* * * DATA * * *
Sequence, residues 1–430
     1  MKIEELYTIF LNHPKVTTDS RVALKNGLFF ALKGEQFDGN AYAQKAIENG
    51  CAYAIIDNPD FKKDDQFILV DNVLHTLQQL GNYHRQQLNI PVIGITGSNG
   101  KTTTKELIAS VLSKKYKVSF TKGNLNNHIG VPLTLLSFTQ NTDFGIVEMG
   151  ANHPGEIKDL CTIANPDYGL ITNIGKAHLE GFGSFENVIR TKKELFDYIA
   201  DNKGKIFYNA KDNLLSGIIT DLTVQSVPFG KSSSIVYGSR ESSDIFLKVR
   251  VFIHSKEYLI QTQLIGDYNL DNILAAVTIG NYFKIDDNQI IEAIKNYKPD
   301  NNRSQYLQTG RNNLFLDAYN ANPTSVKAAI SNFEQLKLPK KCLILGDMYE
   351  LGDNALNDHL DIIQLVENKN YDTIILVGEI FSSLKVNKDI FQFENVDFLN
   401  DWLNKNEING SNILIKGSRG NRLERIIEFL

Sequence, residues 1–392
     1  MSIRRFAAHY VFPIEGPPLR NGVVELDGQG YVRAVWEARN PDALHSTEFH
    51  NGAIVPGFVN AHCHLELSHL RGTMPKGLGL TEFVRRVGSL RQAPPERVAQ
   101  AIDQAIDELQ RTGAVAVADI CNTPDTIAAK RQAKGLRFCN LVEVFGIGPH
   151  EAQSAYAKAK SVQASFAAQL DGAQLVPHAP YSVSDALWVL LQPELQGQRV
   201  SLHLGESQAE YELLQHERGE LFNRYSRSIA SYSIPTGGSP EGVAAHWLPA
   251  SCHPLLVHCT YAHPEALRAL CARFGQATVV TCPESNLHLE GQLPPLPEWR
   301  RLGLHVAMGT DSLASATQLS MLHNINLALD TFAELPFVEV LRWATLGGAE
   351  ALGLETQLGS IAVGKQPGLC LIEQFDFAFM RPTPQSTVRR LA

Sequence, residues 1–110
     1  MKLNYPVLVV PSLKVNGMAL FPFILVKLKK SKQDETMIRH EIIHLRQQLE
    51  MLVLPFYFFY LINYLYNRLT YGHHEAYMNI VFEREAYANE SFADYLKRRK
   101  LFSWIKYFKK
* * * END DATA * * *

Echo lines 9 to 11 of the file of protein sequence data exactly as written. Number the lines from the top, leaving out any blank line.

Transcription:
   351  LGDNALNDHL DIIQLVENKN YDTIILVGEI FSSLKVNKDI FQFENVDFLN
   401  DWLNKNEING SNILIKGSRG NRLERIIEFL

Sequence, residues 1–392